Friday, February 10, 2017

Vice President Pence Hires Cato Economist

Mark Calabria, beltarian economist
By Robert Wenzel

Vice President Mike Pence has hired Mark Calabria as his chief economist, reports Politico.

Calabria was director of financial regulation studies at the Cato Institute.

In a recent blog post at Cato, he wrote:
Mr. Mnuchin, if confirmed [fro Treasry Secretary], should strongly consider reviving a plan developed by his predecessor, John Snow. That plan would take advantage of the Treasury’s authority to place limits on Fannie and Freddie’s debt issuance to reduce those agencies’ indebtedness. The reduction can and should be done in a controlled manner that could be easily reversed if necessary; a 5 percent monthly reduction, for instance, should work smoothly.
It is just a tweaking of the system but it is a tweaking in the right direction.

And he recently retweeted this:

But in the end, he thinks like a statist technocrat. He, for example, wants to end the mortgage interest rate deduction because, well, the money belongs to the state and there are "better" uses for it.

 He co-authored with Diane Yentel an op-ed for The Hill, "Time to reform the mortgage interest deduction." They wrote:
[T]he mortgage interest deduction [is no] longer a political “third rail,” experts from across the ideological spectrum are increasingly calling it what it really is: a wasteful use of federal resources that encourages households to take on higher levels of debt, disrupts the housing market by increasing costs for everyone, and mostly benefits those who do not need federal assistance to live in a stable home...
The result would be $241 billion in savings over 10 years. The savings could be reinvested into critical rental housing solutions—like the national Housing Trust Fund and rental assistance—for those families with the most acute needs: those who are homeless or who are one crisis away from being homeless.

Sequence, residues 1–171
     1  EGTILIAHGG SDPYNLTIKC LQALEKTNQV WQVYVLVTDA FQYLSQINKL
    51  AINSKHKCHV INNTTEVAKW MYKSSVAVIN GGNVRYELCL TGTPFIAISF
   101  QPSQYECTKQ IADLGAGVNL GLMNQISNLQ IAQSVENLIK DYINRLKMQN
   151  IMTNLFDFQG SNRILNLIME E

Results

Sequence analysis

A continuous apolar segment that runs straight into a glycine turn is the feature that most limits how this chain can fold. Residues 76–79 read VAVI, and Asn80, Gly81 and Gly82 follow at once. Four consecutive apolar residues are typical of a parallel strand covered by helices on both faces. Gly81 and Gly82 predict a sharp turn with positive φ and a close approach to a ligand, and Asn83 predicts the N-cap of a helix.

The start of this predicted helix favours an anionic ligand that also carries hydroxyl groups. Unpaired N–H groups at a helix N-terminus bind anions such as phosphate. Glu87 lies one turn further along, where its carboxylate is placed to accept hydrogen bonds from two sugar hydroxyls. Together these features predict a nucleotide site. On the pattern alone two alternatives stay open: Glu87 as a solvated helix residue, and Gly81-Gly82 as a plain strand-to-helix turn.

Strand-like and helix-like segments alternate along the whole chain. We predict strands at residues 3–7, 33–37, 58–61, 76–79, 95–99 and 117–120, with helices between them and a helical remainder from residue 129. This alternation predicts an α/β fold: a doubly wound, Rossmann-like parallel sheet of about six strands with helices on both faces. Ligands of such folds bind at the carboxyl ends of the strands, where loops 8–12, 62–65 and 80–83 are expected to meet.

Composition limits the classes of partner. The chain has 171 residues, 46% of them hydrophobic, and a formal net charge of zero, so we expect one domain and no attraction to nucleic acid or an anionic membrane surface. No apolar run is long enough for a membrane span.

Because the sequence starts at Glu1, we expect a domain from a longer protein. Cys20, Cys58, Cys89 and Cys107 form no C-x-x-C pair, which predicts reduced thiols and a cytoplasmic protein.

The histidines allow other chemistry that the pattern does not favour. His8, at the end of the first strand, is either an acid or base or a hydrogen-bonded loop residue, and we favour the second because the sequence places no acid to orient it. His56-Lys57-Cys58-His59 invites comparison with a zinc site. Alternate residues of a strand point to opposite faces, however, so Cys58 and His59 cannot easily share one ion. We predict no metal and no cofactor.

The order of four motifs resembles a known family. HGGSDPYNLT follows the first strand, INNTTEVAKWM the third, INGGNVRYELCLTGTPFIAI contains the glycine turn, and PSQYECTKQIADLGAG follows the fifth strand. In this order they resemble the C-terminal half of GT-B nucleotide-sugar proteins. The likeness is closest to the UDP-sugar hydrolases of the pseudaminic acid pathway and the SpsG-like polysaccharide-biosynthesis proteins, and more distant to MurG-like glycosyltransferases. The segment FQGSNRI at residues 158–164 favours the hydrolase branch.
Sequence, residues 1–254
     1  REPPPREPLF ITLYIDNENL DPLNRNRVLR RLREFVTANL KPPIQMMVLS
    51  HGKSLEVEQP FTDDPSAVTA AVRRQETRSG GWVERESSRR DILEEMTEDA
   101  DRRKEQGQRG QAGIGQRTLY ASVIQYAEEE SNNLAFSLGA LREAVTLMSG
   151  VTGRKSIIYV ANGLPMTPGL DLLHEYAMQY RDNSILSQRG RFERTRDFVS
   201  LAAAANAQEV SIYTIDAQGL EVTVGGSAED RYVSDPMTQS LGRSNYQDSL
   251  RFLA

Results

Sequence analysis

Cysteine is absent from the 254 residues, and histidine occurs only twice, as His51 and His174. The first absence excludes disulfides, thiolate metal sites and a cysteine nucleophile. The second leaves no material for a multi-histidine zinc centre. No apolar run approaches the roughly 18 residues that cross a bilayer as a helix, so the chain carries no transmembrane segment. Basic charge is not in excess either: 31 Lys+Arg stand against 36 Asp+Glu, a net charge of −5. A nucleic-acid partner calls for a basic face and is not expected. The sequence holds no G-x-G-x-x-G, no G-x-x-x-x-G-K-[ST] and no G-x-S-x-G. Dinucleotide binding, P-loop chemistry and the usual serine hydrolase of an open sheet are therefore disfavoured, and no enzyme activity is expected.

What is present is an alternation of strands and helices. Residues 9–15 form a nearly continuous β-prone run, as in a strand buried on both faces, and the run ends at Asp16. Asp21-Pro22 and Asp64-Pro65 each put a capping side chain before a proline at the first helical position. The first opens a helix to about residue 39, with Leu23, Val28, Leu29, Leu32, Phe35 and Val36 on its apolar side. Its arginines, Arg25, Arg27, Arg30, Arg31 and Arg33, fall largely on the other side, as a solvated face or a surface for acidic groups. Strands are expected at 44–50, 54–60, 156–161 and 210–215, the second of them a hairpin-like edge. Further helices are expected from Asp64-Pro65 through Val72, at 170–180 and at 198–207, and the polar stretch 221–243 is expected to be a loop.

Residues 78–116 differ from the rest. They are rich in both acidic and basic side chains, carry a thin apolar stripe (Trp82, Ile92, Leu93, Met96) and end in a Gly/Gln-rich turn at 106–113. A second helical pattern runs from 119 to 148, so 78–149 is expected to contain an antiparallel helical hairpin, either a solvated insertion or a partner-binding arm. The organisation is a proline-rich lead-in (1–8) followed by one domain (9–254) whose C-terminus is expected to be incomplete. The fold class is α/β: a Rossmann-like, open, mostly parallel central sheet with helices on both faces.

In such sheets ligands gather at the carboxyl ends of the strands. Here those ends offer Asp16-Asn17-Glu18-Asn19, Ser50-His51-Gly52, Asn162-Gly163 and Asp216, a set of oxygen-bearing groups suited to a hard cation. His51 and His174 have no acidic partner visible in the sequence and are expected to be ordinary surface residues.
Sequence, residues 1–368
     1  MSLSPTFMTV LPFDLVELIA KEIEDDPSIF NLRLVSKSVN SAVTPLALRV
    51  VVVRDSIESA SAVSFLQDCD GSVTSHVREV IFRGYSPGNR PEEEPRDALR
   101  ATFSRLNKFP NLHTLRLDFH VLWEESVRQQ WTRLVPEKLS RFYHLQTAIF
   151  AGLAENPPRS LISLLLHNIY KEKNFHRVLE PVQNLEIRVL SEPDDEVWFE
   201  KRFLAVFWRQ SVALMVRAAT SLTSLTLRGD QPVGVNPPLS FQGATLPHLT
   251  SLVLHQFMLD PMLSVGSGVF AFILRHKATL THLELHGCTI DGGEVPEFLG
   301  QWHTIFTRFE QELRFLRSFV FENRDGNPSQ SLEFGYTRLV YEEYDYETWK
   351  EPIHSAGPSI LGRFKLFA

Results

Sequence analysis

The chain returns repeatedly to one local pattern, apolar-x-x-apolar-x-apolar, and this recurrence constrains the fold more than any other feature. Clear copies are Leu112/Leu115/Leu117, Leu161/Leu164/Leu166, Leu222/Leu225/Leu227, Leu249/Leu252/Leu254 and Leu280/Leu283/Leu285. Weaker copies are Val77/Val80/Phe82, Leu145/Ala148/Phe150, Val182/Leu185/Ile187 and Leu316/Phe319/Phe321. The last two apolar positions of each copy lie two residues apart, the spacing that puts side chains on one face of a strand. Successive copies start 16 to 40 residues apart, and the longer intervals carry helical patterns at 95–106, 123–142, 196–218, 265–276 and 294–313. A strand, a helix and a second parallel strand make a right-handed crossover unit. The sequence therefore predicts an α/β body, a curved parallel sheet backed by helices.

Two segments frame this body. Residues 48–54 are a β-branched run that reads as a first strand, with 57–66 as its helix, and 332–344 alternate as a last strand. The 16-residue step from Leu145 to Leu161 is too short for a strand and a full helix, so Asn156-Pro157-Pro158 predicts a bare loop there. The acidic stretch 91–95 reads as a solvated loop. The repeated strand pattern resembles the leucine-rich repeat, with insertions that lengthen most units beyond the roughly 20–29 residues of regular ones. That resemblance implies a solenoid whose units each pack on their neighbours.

And they sprinkle the technocratic tweak with politically correct justifications:
Reforming the mortgage interest deduction would help address growing income inequality and racial inequity...
This my friends is what to expect from Beltarians. Free market talk as the state is twisted and tossed by them but always ending up with an expanded state.

Robert Wenzel is Editor & Publisher of and Target Liberty. He also writes EPJ Daily Alert and is author of The Fed Flunks: My Speech at the New York Federal Reserve Bank. Follow him on twitter:@wenzeleconomics and on LinkedIn.


  1. For some of us making a lot less, that interest and real estate tax deduction are not all that much. Really it's just enough to enjoy a trip or two to McDonalds each month at best.

    I've been a renter and an 'owner'. It's unfair to renters they get nothing but just owning property grants you some privileges. In the end the home cost you a lot more to have anyway from that crappy deduction.

  2. I love how taking more money from people is called a "savings". Its like calling a mugging a "contribution".

    I'm pretty sure mortgage deductions don't have anything to do with racial equality. Does the mortgage deduction change depending on your skin color? If so, will someone who believes this is the case please tell me which skin color I should claim to maximize my mortgage deduction. Thanks.